Origin of Life






The origin of life is a fascinating and perhaps an unique event in the history of universe. How did life originate on the earth? In order to explain it a number of views have been expressed from time to time. Most of these views are quite bizarre with only a historical significance. Here we shall discuss about some important theories about the origin of life.

SPECIAL CREATION THEORY

According to the special creation theory, life originated on the earth due to supernatural event. All plants and animals appeared on the earth in the form they exist today. A supernatural power— may be the God, created all living beings on the earth. This theory is upheld by most of world's major religions and civilizations and based purely on faith. Since the process of special creation occurred, it cannot be observed. This is sufficient to put the concept of special creation outside the framework of scientific investigation. Science concerns itself only with observable phenomena and as such will never be able to prove or disprove special creation.

THEORY OF SPONTANEOUS GENERATION

This theory was prevalent in ancient Chinese, Babylonian and Egyptian civilizations as an alternative to the theory of special creation, with which it coexisted. According to this theory, life has originated from non-living organic matter abiogenetically, i.e. without the intervention of living things.




BIOGENESIS THEORY

In 1861, Louis Pasteur (1822-1895) had disproven the concept of spontaneous generation to find out the origin of life. He took a flask and half filled it with sugar and structure (swan-necked flask). The contents of the flask

Pasteur's Experiments

Pasteur's Experiments

were boiled till steam passed out from the tube and then they were cooled. He did not find any change in the contents even after several days. There was no growth of organisms. This was due to the fact that when the air entered the flask, all air-borne particles got stuck at the bend of the tube and only pure air reached the syrup which remained sterile. After he broke the neck of the flask there was direct contact of the contents with the air and a thick growth of micro-organisms appeared in the flask.. This simple experiment conclusively disproved the idea of spontaneous generation.




In 1767, Abbe Lazzaro Spallanzani (1729-1799) prepared a nutritive broth of vegetables and meat and placed it in flasks and sealed their necks so that air could not enter inside. He then boiled the broth for four hours and left it in the flasks for several days. He observed that no organisms appeared in the flasks and, therefore, concluded that microorganisms are not formed spontaneously, but from those already present in the air. In 1748, John T. Needham criticized Spallanzani's experiment, maintaining that overheating of the broth rendered it unfit for spontaneous generation. Infuriated by this statement, Spallanzani broke the neck of his sealed flask and as air got into it the broth boomed with rich bacterial growth within a few days.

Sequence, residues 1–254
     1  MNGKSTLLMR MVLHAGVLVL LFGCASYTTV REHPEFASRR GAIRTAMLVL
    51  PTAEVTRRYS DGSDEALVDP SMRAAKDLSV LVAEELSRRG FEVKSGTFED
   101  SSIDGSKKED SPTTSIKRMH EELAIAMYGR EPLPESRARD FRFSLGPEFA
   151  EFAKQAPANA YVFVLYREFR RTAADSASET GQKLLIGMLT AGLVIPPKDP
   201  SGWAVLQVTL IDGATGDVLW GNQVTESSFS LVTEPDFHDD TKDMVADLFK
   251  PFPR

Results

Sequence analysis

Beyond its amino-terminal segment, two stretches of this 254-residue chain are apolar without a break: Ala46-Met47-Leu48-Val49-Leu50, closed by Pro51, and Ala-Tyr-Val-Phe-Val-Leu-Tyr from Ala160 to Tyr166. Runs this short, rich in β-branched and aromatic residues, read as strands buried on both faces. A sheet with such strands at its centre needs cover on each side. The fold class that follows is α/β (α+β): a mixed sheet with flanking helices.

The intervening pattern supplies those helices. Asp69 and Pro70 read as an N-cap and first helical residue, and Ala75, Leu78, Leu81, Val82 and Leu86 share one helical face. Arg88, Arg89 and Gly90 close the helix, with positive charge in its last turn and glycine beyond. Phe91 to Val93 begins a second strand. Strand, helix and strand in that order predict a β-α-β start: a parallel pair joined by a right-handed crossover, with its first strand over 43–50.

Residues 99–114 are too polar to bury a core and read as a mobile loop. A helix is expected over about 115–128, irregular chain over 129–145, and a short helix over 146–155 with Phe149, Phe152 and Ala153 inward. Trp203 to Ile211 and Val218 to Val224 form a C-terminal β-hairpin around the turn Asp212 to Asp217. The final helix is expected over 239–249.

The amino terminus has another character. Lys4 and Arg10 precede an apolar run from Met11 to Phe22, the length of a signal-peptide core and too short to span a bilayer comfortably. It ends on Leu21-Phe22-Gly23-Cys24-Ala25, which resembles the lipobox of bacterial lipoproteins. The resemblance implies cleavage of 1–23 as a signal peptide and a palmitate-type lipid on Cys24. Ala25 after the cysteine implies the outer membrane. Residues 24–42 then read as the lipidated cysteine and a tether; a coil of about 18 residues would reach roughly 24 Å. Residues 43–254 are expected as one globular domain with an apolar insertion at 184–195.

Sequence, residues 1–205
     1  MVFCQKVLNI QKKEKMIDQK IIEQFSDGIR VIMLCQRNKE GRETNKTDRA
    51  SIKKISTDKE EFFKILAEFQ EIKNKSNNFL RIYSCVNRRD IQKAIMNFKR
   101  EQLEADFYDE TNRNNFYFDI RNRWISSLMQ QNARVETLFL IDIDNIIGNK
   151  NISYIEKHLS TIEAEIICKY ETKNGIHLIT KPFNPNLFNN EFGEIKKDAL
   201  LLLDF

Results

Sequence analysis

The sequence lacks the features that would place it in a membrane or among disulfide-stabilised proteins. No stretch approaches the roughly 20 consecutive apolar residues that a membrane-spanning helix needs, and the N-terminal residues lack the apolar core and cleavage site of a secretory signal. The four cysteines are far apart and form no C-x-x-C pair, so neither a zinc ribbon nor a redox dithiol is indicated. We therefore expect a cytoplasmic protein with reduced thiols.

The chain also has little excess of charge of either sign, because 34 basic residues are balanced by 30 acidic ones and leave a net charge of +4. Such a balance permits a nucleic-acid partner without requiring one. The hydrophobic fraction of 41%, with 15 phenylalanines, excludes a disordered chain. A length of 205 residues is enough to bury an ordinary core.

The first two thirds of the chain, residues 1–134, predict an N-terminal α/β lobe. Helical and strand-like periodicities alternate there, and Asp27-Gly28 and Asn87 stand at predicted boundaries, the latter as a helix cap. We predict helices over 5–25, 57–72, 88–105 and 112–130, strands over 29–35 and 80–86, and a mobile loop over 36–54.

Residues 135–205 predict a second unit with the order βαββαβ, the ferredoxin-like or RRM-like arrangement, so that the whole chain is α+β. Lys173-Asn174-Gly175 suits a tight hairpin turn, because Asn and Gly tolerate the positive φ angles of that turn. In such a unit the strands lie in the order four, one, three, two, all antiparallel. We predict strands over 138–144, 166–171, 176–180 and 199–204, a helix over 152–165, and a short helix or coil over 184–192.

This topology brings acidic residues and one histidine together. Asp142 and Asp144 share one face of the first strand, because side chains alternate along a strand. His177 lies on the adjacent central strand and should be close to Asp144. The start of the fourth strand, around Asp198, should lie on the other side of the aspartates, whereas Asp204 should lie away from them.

In 1861, Louis Pasteur (1822-1895) finally refuted the concept of spontaneous generation. He took a flask and half filled it with sugar and structure (swan-necked flask). The contents of the flask were boiled till steam passed out from the tube and then they were cooled. He did not find any change in the contents even after several days. There was no growth of organisms. This was due to the fact that when the air entered the flask, all air-borne particles got stuck at the bend of the tube and only pure air reached the syrup which remained sterile. After he broke the neck of the flask there was direct contact of the contents with the air and a thick growth of micro-organisms appeared in the flask. This simple experiment conclusively disproved the idea of spontaneous generation as the origin of life.
So it is now clear that a living organism was required in order to produce another living organism. And so the Biogenes is the theory failed to find out any concept about the origin of life.



STEADY-STATE THEORY

This theory asserts that the earth had no origin, has always been able to support life, has changed remarkably little, if at all, and that species had no origin. The theory does not accept the palaeontological evidence that presence or absence of a fossil indicates the origin or extinction of the species represented.

COSMOZOAN THEORY

This theory does not offer a mechanism to account for the origin of life but favors the idea that it had an interplanetary origin. It does not therefore constitute a theory of origin of life as such, but merely transposes the problem to elsewhere in the universe. This theory claims that life is as eternal as matter itself.
These theories of inter-planetary exchange of viable spores became obsolete in the light of subsequent researches.
Next we shall discuss about the Biochemical Origin of Life.
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